Opportunity for Curiosity:
Perhaps what your roommate values in someone they live with is different from what you think is valuable. You can ask your roommate what is important to them.
Pick one of the following topics, and allow your curiosity to take you away!
- On an island in Scotland, some sheep have adapted to only eating seaweed
- Since the invention of nuclear weapons, there have been over fifteen nuclear war close calls that have involved everything from training accidents, solar flares, and clumsy miscommunications.
- If your mother or father has a particular profession, how likely are you to also have that profession?
Want to start exploring something? Wikipedia has a way to access a random article – just click here
“Surprise exists in the map, not in the territory. There are no surprising facts, only models that are surprised by facts. Likewise for facts called such nasty names as “bizarre”, “incredible”, “unbelievable”, “unexpected”, “strange”, “anomalous”, or “weird”. When you find yourself tempted by such labels, it may be wise to check if the alleged fact is really factual. But if the fact checks out, then the problem isn’t the fact, it’s you.”
– Eliezer Yudkowsky, Think Like Reality
Pursue Modes of Curiosity
There are many different ways to be curious. Skilled philosophers, like explorers in unfamiliar territory, have been exploring the limits of human understanding for millennia, and have lived into various forms of curiosity throughout their journey. Philosopher Eric Schwitzgabel splits philosophers into three broad categories: Truth, Dare, and Wonder. This idea may be well adapted to how people choose to be curious.
Different people may find a certain mode more comfortable or interesting for them and use that model as their chosen method of exploration. Alternatively, all modes may shine within a single person, with Truth, Dare, and Wonder all exploring different angles upon the same focus of curiosity.
All three are a reaction to a recognized lack of understanding and go about their exploration differently. Which one speaks the most to you?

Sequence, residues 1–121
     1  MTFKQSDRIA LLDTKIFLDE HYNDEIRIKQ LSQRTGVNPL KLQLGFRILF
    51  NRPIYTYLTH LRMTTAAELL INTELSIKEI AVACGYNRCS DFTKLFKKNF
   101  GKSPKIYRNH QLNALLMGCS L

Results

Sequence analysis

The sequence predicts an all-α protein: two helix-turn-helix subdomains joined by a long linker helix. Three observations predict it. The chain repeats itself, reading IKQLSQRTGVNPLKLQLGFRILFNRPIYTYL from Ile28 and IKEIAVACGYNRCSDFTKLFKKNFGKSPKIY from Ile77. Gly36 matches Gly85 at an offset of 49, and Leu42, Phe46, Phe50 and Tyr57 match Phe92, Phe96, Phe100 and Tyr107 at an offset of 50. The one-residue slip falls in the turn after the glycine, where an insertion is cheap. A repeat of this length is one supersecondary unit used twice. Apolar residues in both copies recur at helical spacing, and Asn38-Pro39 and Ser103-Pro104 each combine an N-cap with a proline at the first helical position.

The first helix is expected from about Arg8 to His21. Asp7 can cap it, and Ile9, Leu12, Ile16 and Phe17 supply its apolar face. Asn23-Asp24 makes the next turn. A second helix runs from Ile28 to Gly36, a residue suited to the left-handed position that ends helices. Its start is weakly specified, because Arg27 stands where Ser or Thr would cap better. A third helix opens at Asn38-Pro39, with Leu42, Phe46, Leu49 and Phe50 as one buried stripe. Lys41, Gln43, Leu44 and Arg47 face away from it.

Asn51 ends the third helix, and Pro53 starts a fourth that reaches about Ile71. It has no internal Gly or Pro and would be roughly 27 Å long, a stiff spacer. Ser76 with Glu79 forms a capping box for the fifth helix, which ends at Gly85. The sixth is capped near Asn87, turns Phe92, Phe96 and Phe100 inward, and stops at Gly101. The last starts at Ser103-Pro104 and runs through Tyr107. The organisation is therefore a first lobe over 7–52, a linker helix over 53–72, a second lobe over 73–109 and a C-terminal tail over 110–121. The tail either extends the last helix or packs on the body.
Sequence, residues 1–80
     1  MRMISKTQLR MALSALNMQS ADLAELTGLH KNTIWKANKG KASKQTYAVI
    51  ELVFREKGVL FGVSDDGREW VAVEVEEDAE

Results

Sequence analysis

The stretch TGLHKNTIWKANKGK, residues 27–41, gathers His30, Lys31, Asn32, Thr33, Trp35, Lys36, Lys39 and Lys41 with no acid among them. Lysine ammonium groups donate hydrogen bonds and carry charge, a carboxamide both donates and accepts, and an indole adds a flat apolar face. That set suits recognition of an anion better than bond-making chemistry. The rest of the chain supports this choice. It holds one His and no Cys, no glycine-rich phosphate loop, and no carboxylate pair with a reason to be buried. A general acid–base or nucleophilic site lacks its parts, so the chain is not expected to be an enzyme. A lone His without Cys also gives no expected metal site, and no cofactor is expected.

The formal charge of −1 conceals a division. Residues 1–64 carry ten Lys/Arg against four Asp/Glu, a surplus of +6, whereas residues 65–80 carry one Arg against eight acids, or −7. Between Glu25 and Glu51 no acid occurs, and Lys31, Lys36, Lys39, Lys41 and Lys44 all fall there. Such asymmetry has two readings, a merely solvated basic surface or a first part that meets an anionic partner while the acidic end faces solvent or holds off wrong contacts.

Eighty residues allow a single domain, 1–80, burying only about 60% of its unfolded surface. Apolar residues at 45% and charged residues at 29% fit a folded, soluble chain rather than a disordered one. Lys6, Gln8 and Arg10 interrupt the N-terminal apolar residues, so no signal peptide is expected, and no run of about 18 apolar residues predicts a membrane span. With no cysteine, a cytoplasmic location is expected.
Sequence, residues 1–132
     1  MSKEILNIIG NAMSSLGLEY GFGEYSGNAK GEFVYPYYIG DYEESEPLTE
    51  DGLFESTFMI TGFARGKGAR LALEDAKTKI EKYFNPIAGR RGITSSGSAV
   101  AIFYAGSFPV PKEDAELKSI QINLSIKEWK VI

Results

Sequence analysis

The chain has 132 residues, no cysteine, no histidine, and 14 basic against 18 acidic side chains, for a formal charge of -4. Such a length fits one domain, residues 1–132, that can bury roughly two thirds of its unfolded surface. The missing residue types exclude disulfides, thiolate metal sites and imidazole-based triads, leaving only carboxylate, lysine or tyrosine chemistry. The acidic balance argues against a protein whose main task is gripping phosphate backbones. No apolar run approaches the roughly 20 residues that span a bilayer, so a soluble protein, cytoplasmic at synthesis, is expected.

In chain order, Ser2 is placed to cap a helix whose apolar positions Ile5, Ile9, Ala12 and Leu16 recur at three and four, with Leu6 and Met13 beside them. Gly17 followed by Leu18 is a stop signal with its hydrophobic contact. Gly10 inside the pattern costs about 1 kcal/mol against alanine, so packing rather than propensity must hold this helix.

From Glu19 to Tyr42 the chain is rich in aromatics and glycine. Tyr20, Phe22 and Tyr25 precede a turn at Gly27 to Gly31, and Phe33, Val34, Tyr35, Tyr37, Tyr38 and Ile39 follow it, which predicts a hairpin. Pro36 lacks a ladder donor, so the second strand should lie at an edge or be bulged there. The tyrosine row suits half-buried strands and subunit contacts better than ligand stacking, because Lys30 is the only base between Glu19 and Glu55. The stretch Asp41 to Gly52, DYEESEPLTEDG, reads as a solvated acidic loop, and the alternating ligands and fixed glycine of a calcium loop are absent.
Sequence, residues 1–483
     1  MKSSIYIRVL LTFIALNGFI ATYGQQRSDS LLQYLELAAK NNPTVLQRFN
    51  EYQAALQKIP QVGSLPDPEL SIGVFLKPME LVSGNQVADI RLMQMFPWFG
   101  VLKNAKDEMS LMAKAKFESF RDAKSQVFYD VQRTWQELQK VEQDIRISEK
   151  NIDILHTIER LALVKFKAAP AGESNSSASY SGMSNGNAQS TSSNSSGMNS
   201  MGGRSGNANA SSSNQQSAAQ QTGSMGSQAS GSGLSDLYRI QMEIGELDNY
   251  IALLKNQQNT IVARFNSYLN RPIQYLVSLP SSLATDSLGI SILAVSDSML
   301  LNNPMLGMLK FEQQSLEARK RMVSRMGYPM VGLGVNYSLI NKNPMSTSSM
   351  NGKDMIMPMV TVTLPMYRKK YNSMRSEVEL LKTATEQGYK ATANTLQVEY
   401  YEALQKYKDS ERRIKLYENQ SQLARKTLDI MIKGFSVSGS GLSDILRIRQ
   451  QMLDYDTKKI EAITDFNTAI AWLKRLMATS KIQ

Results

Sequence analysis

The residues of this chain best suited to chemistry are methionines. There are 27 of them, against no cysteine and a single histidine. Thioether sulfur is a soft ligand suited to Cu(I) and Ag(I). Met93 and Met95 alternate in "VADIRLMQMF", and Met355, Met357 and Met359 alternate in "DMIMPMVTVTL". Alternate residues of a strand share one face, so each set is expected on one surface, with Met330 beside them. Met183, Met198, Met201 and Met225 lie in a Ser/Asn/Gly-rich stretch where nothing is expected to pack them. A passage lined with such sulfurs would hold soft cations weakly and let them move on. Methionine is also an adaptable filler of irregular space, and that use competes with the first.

Valuing the rigorous and unrelenting pursuit of knowledge above all else, exploring through truth can be a delightful and unforgiving method of expressing curiosity. Like an architect testing new structure types, a person focusing upon truth will methodically test the shape and weight of their focus of curiosity against the foundations of their current understanding. Focusing upon inconsistencies and exploring implications, the truth seeker’s attention to small logical details might uncover small but surprising revelations.
It may be worth noting how rarely truth reveals itself as a climactic epiphany. Multitudes of humanity’s greatest accomplishments in math and science, for example, happen quietly between colleagues over books and coffee mugs. As Eric Schwitzgabel points out, “Truth philosophers would rather be boring and right than interesting and wrong”.
Ever wonder whether or not 1+1=2? Most people don’t. Bertrand Russell, however, spent three years of his life and almost 2000 pages attempting to rigorously prove this idea in his 1910 book Principia Mathematica with Alfred Whitehead. He never was able to absolutely prove 1+1=2 according to his own standards, but it lead to rich discussion in the fields of math and philosophy.
Historian Howard Zinn spent much of his life fighting and writing about what he believed to be true and attempting to inform others. From his service in WWII against fascism, his later anti-war stances, and his popular book A People’s History of the United States, Zinn’s focus on the truth earned him admiration and ire from many.
Sacha Pfeiffer spent 18 years working at The Boston Globe as a journalist and was a part of the team that reported on clergy sex abuses in the Catholic church. Throughout her life she has covered everything from private foundation financial misconduct to shoddy home construction, seeking to shine a light on what might otherwise have been unknown.
Examining what you believe and thinking about what might make it valid or invalid is a valuable way to explore your orientation to truth. In each of the following areas, reflect upon what you believe to be true, and then decide what evidence, if it existed, might change your mind.
- What place does art education have in public schools? What is evidence that could drastically change your mind?
- Would it be worthwhile if countries had open borders? What is evidence that could drastically change your mind?
- Is it ‘ok’ to eat animals? What is evidence that could drastically change your mind?
If you enjoyed this, try applying this idea to any range of controversial issues, like this list on Wikipedia.
If truth-curiosity isn’t your style, it might be easy to interpret those who have truth as their primary mode of curiosity as taking substantial amounts of time to discern the quality of a single detail, or a pedantic urge to make things fit together. Consider that this is a person expressing their curiosity.